Words with Changed Meanings (Thanks to Technology): Part 1
By Rosy Callejas
Every new advancement ushers in an era of cultural change, and few aspects of culture are as quick to adapt as language. With the onset of the Digital Age, many already-established terms have taken on new and interesting meanings. Here’s a quick look at some words with drastically different definitions than they might have had a few decades ago.
When King James II first visited the recently completed architectural masterpiece known as St. Paul’s Cathedral in the 1600s, he was overwhelmed. He described the cathedral in these terms:
“Amusing, awful, and artificial.”
King James’s words were high praise in his day. The cathedral made him happy (amusing), filled him with awe (awful), and was a complete work of art (artificial). It’s hard to imagine an architect being pleased with such a review in the 21st Century.
The English language is not, nor has ever been, static. Instead, it’s a dynamic and ever-changing entity. In the 1300s, the word “girl” meant a small child of either gender. “Dapper” once meant heavy-set. “Truck” used to denote trade goods used for bartering. And when was the last time you heard someone use the term “literally” to mean anything other than “figuratively?”
The introduction of the Internet has advanced this evolution of language, and we as a society now have an entire lexicon of Internet co-opted terms with vastly different meanings than they would have held only a few decades ago. Here are ten of our favorite new word meanings built upon the forgotten husks of the old meanings:
We might as well start with the big one. Many readers may not even know that the term “google” has ever been used to reference anything other than the search engine. However, back in the late 1990s, when Larry Page and Sergey Brin were considering names for their Internet startup company, they decided upon the seldom-used term “googol,” which is a number that consists of a one followed by 100 zeros. They were thinking big: Google now operates over a million servers throughout the world, and processes over 20 Petabytes of user data every day. It has also become one of those terms that is both a proper noun and a verb, like Xerox before it — usually very good news for a brand.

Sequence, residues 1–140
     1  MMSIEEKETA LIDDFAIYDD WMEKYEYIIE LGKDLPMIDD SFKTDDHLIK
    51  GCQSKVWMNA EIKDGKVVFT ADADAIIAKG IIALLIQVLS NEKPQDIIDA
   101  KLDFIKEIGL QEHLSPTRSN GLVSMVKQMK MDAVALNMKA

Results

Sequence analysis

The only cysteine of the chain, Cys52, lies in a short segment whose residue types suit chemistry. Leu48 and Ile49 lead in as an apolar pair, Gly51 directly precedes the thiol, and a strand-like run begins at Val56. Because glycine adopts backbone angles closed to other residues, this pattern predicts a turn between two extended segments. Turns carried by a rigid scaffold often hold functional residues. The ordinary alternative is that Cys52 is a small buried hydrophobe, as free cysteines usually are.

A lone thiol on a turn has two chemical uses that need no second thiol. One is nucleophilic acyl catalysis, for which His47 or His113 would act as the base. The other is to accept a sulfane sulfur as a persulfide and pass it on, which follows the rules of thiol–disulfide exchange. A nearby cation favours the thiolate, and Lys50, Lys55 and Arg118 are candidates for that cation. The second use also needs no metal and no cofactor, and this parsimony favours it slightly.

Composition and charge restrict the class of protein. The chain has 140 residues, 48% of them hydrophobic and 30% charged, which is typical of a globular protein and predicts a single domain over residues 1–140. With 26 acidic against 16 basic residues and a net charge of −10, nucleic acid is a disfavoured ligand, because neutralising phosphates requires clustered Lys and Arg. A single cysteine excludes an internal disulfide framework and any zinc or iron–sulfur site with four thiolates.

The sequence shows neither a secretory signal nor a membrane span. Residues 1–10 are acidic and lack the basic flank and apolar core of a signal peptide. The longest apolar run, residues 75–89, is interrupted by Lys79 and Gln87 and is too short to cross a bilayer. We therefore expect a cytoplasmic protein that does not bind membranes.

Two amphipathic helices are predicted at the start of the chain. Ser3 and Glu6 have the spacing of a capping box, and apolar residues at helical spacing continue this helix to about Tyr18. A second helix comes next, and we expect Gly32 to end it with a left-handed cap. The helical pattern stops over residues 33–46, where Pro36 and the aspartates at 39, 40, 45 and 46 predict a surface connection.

Tinder is a word that means “dry, flammable substance that can be used for lighting fires.” It’s kindling — arrange it under larger logs in a fire pit, set a match to it, and in a few minutes you’ve got a roaring campfire. This is likely the image that Sean Rad and Justin Mateen wanted to convey when they founded their mobile matchmaking application. Tinder (the app), launched in 2012 and set the dating scene on fire. According to the New York Times, over a billion Tinder profiles are viewed every day. In addition to its Boy Scout-ish original meaning, the word can also invoke the idea of “tender,” (as pointed out by one of the company’s co-founders), another word association that the app is happy to acknowledge.
To the ancient Greeks, the word “Amazon” denoted a skilled race of mythical female warriors. That term was later adopted to describe a river in South America, after a party led by European explorer Francisco de Orellana was attacked by groups of female natives along its banks. So, given its interesting history, how has Amazon come to be adopted as the name of a company that began by selling books out of a garage?
Well, it didn’t start out as such. The first name that founder Jeff Bezos wanted to use was “Cadabra”, as in “abracadabra”, which sounded a bit too much like “cadaver,” which was not the image that the organization was going for. They eventually settled on Amazon because it’s the largest river in the world, and Bezos wanted to convey that sense of scope to his target demographic.